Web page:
For six years, Turco Disposal Inc. of Lake Havasu City, Ariz., collected the garbage at the Naval Weapons Center in China Lake Calif. But last year, the Department of Defense decided it didn't need Turco, or 14 other small companies providing base services at China Lake, anymore.

The change resulted from a series of memos sent to military bases last year by Deputy Secretary of Defense Frank Carlucci. He gave instructions to try to "consolidate" base services contracts as a way to cut the Pentagon's administrative costs. The 15 jobs at China Lake were combined into one contract, and larger companies were invited to bid on it.

Looking for a way to compete, Joe Turner, president of Turco Disposal, made a deal with one of the bidders. He and Pan Am World Services Inc., a subsidiary of Pan American World Airways Inc., agreed that Turco would haul the base's garbage as Pan Am's subcontractor. They set a schedule of prices, depending on whether Pan Am would retain Turco's services for one year or several years. The one-year rate was $495,000, for a five-year contract, it would be $400,000 for the first year.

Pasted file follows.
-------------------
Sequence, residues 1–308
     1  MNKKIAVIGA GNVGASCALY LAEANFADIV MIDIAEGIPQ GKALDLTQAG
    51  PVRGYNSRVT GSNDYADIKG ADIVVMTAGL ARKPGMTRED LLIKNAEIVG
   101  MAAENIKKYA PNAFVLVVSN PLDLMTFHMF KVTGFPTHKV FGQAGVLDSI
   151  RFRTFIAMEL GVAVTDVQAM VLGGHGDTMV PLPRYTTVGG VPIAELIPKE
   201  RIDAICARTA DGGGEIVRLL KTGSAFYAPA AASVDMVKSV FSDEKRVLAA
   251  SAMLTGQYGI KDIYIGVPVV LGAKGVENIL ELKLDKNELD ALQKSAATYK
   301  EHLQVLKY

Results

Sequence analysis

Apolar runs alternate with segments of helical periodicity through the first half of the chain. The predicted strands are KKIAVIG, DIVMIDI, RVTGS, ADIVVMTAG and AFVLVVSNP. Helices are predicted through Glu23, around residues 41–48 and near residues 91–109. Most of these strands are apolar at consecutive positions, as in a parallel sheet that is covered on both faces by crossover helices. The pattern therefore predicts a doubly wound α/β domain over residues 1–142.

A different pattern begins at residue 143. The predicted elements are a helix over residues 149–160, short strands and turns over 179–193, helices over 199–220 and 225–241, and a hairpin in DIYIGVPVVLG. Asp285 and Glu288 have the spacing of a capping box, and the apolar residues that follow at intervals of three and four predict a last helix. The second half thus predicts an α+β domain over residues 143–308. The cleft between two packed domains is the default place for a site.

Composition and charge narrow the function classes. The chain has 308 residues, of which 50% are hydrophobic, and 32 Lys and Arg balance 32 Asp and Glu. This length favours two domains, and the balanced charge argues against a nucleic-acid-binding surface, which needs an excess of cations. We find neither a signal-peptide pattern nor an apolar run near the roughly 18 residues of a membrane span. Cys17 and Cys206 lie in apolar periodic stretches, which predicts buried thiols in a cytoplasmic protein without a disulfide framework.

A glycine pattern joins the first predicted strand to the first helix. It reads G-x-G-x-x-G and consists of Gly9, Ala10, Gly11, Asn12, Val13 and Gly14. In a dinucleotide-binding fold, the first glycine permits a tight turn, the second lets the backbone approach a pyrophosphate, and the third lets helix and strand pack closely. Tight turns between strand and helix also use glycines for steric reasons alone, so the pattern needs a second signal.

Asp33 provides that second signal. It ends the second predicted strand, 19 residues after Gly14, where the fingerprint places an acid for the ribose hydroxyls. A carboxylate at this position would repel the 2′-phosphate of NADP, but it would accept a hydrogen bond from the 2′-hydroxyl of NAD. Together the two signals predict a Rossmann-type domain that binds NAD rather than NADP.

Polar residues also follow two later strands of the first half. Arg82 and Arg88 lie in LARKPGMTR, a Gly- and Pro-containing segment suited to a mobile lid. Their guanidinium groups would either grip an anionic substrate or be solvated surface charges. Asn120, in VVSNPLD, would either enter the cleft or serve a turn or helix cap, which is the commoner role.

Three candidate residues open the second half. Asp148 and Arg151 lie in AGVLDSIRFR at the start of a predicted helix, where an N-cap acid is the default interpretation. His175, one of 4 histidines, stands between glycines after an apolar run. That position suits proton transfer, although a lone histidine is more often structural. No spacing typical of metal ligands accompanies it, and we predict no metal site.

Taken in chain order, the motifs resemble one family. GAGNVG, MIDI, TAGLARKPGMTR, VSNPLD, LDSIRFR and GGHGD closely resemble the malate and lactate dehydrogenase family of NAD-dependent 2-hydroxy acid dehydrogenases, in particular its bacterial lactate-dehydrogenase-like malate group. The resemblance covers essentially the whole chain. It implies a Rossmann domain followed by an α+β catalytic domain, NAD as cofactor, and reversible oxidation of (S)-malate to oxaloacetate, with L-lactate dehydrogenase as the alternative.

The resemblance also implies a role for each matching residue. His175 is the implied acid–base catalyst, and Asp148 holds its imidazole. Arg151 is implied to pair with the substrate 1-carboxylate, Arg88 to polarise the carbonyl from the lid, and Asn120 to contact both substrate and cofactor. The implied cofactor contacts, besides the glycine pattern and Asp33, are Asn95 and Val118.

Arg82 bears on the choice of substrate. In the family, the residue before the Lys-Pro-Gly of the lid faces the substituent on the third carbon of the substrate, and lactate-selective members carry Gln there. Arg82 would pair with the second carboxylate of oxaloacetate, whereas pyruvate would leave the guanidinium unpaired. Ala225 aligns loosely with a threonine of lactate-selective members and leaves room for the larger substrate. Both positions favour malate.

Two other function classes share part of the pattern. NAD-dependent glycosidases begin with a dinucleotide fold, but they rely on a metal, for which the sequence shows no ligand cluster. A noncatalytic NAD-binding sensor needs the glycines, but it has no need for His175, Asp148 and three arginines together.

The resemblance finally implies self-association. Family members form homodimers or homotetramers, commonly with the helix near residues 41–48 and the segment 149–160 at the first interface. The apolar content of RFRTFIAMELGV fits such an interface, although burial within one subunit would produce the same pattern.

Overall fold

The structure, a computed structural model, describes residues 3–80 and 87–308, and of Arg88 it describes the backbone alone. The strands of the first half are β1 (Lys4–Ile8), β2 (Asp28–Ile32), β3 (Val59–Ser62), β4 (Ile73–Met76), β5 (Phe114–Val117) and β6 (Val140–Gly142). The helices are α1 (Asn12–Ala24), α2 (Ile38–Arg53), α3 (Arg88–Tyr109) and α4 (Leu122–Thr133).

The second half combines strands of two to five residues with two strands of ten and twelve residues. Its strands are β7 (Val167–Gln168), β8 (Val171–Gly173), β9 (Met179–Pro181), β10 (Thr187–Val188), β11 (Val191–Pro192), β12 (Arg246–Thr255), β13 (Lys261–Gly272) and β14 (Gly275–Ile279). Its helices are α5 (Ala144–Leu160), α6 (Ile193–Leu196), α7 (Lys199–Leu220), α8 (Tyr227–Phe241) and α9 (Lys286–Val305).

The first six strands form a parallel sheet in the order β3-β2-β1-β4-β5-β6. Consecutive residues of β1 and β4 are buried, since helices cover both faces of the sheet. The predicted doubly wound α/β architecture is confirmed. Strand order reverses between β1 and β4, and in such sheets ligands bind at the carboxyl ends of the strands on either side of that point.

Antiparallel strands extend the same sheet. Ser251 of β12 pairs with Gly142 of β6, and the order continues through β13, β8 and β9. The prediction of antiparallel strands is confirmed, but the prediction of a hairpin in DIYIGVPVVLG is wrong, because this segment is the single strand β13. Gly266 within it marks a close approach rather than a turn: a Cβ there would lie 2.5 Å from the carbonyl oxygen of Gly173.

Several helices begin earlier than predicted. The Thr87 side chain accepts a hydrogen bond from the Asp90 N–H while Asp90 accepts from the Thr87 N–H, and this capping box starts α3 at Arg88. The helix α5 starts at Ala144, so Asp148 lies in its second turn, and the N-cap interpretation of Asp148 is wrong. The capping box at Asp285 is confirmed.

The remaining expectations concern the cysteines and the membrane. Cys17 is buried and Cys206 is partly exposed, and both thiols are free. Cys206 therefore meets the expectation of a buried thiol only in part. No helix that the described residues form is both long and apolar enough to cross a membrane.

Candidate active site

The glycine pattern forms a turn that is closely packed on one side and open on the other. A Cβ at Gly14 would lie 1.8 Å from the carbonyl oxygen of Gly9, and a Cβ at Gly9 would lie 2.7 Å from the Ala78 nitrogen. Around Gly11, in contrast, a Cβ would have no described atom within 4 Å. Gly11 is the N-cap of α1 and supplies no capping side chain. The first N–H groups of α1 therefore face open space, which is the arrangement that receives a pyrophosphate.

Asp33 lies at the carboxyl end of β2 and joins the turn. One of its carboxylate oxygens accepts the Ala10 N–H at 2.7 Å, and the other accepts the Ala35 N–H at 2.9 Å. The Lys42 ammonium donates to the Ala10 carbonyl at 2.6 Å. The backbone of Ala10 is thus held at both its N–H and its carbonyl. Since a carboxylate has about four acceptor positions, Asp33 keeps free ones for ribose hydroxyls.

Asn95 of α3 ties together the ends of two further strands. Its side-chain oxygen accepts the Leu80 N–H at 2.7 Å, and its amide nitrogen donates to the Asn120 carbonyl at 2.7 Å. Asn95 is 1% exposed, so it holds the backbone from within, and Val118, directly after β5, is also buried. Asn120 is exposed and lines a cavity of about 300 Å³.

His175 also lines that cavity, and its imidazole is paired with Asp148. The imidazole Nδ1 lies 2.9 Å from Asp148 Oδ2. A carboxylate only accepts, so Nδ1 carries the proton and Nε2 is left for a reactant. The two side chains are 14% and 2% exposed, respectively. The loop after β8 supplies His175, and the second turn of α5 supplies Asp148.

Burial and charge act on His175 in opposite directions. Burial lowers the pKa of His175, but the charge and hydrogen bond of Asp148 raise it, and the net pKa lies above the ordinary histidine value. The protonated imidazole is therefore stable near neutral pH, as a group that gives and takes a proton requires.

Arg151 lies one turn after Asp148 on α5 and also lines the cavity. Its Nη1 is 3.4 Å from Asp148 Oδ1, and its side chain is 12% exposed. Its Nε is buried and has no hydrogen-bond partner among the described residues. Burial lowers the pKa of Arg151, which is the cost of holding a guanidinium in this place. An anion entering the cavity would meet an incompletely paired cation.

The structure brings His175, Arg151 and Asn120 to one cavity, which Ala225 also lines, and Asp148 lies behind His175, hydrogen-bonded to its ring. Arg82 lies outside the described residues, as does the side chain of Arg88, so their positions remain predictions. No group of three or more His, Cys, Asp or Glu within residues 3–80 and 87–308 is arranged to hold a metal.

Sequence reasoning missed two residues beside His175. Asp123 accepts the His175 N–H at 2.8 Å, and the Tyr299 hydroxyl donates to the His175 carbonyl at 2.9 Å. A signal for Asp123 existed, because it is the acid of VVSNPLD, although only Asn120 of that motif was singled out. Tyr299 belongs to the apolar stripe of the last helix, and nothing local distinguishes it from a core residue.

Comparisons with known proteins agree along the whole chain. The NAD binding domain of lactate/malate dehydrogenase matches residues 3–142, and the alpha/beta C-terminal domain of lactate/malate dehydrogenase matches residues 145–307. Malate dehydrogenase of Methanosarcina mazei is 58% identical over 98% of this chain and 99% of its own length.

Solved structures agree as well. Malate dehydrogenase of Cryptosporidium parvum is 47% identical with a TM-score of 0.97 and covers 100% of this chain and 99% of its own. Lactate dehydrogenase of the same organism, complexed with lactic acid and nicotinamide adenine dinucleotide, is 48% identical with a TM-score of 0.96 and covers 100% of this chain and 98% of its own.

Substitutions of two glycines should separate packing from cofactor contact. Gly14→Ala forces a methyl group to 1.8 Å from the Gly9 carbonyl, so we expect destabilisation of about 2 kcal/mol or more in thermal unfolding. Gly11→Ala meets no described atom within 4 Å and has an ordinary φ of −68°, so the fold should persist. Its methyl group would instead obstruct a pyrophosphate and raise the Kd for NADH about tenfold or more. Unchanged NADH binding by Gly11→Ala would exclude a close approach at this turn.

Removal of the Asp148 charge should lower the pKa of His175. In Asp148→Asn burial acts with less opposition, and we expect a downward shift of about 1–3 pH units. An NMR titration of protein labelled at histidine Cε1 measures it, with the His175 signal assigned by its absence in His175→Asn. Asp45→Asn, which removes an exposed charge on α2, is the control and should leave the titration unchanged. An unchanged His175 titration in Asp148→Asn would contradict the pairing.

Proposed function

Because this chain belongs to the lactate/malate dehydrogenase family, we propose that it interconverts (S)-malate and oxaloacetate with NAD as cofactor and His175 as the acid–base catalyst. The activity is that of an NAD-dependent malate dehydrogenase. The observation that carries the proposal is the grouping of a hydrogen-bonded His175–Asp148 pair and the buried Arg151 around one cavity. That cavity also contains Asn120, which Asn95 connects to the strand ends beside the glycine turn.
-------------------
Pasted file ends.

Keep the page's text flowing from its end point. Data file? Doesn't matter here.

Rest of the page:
Pan Am won the contract -- in part, Turner says, because of the 52-page section on garbage service that he wrote for Pan Am's proposal to the Navy. Then, he says, Pan Am asked him to work at the five-year rate, but with only a one-year contract guarantee. He refused, and Pan Am canceled the deal. Turner is planning legal action against Pan Am. A Pan Am manager involved in the situation declined to comment.

Said Richard Hanneman, the director of government and public affairs for the National Solid Wastes Management Association in Washington, D.C.: "The bad-faith practice used by Pan Am in this case could never have occurred if the refuse-hauling contract was let directly by thc Navy [rather than through an intermediary]."

After complaints about such situations reached Washington, the deputy secretary of defense reversed his decision. A new memo stated, "Future solicitations [for base services contracts] will be packaged so as not to preclude performance by small and small, disadvantaged concerns as prime contractors." Rep Parren J. Mitchell (D-Md.), chairman of the House Small Business Committee, plans to monitor the policy "to be sure that DOD follows through with its directive."

But that didn't help Turner or his 14 former co-contractors. The China Lake job represented almost half of Turco Disposal's business. "It hit me pretty hard," he says. "I have $250,000 worth of equipment sitting idle."